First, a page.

Cedron.—The seeds of the Simaba Cedron Planch., a tree growing in Colombia and Central America, belonging to the Simarubaceae. The fruit is a large solitary drupe, containing a single seed. Cedron seed is from 3 to 4.5 cm. long, and 1.5 to 2.5 cm. broad, elongated ovate, convex on one side, flat or slightly concave on the other, and presenting an oval scar" near one extremity of the flat surface. It is often yellowish, hard and compact, but readily cut with a knife; is inodorous, but of a pure and intensely bitter taste, not unlike that of quassia. It yields its virtues to water and alcohol. Lowry (J. P. C., xix, p. 365) separated from what he believed to be the seeds of Simaba Cedron, a crystalline substance which he named cedrin. Tanret, however, in attempting to confirm his work, was unable to obtain a crystalline substance from this plant, but he did from one closely allied to it, namely, the S. waldivia, and believed that Lowry was mistaken in the identity of his crude material. (See P. J., 1908, lxxxi, p. 103.) Cedrin is now an article of commerce in the colorless crystals. It is bitter, slowly soluble in water, more readily so in alcohol or ether.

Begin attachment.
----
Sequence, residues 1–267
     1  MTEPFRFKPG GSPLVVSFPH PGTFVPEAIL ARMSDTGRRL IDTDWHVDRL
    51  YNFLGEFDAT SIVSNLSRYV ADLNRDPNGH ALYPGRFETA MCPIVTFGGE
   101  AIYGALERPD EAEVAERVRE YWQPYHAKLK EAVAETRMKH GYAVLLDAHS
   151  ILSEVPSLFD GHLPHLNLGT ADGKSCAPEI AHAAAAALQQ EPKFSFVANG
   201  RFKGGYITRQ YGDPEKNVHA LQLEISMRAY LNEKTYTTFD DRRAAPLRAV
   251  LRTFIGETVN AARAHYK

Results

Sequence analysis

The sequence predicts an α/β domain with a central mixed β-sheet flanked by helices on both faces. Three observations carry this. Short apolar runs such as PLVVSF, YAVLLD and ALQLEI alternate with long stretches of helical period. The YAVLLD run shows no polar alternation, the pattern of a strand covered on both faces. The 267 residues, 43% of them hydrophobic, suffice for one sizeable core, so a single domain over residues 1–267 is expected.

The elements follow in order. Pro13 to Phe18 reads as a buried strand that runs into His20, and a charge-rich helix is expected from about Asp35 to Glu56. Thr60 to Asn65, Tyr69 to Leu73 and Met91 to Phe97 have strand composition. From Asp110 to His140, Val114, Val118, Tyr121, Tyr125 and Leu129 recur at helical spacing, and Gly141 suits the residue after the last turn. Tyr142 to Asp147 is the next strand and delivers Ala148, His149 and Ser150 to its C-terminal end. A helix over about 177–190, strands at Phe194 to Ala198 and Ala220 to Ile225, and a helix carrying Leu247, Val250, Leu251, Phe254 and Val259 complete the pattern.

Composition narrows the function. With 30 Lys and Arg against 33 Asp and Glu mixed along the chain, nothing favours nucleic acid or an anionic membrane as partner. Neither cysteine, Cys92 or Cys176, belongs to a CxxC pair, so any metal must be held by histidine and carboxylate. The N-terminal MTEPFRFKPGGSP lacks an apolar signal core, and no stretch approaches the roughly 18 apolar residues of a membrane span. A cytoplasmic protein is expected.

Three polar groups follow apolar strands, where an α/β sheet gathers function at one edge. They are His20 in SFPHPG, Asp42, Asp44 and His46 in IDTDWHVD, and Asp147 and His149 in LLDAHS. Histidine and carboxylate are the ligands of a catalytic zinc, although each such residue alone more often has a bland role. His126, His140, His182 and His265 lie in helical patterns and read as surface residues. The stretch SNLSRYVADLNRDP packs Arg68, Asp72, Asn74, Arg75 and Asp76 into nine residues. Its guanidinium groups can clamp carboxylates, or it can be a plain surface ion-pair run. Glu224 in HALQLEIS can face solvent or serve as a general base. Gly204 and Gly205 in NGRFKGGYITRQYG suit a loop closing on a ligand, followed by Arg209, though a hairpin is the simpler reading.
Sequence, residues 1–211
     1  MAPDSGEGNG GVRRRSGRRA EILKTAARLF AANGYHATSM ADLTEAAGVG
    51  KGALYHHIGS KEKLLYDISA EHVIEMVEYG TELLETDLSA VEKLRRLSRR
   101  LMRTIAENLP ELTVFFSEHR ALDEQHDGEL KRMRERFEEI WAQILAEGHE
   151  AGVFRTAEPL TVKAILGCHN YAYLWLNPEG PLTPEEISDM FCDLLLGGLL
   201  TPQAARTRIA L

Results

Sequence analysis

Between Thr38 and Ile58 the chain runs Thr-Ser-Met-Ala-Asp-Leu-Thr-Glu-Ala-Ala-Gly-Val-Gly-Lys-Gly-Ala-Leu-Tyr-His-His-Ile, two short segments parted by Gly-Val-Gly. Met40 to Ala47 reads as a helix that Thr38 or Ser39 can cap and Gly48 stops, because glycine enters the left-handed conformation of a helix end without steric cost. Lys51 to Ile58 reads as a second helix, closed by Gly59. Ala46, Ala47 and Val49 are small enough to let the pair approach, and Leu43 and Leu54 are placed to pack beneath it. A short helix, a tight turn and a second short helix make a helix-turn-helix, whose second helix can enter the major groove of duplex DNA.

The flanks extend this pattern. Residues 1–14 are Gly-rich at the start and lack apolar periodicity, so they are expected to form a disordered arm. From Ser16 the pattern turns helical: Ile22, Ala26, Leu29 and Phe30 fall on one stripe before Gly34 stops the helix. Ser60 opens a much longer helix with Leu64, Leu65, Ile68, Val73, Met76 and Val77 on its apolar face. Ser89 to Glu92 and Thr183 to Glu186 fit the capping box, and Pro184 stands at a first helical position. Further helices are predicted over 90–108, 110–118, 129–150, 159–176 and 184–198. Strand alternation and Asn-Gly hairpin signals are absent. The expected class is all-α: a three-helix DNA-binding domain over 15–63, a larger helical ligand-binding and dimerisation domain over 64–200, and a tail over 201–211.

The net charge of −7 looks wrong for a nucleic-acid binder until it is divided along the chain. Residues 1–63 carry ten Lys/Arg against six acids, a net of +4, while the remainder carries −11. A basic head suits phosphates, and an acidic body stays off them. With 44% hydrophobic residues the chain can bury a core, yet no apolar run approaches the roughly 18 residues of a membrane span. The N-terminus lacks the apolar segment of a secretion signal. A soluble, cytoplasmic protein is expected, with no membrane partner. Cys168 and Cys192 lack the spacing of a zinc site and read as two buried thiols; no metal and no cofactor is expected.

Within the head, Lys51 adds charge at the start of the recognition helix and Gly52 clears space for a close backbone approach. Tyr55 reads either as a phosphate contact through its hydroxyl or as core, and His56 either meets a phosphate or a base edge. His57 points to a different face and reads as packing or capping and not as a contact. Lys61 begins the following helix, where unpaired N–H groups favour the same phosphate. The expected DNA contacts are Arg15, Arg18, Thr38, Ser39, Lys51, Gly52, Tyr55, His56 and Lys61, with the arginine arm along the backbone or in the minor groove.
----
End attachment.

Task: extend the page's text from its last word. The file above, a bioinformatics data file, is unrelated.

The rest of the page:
Cedron has been used in Central America as a remedy for snake bite and Purple has recommended it as an antiperiodic. The dose of the crude drug is from five to fifteen grains (0.3-0.9 Gm.). The bitter principle cedrin has been given hypodermically in doses of one-fifteenth of a grain (0.004 Gm.).
The Dispensatory of the United States of America, 1918, was edited by Joseph P. Remington, Horatio C. Wood and others.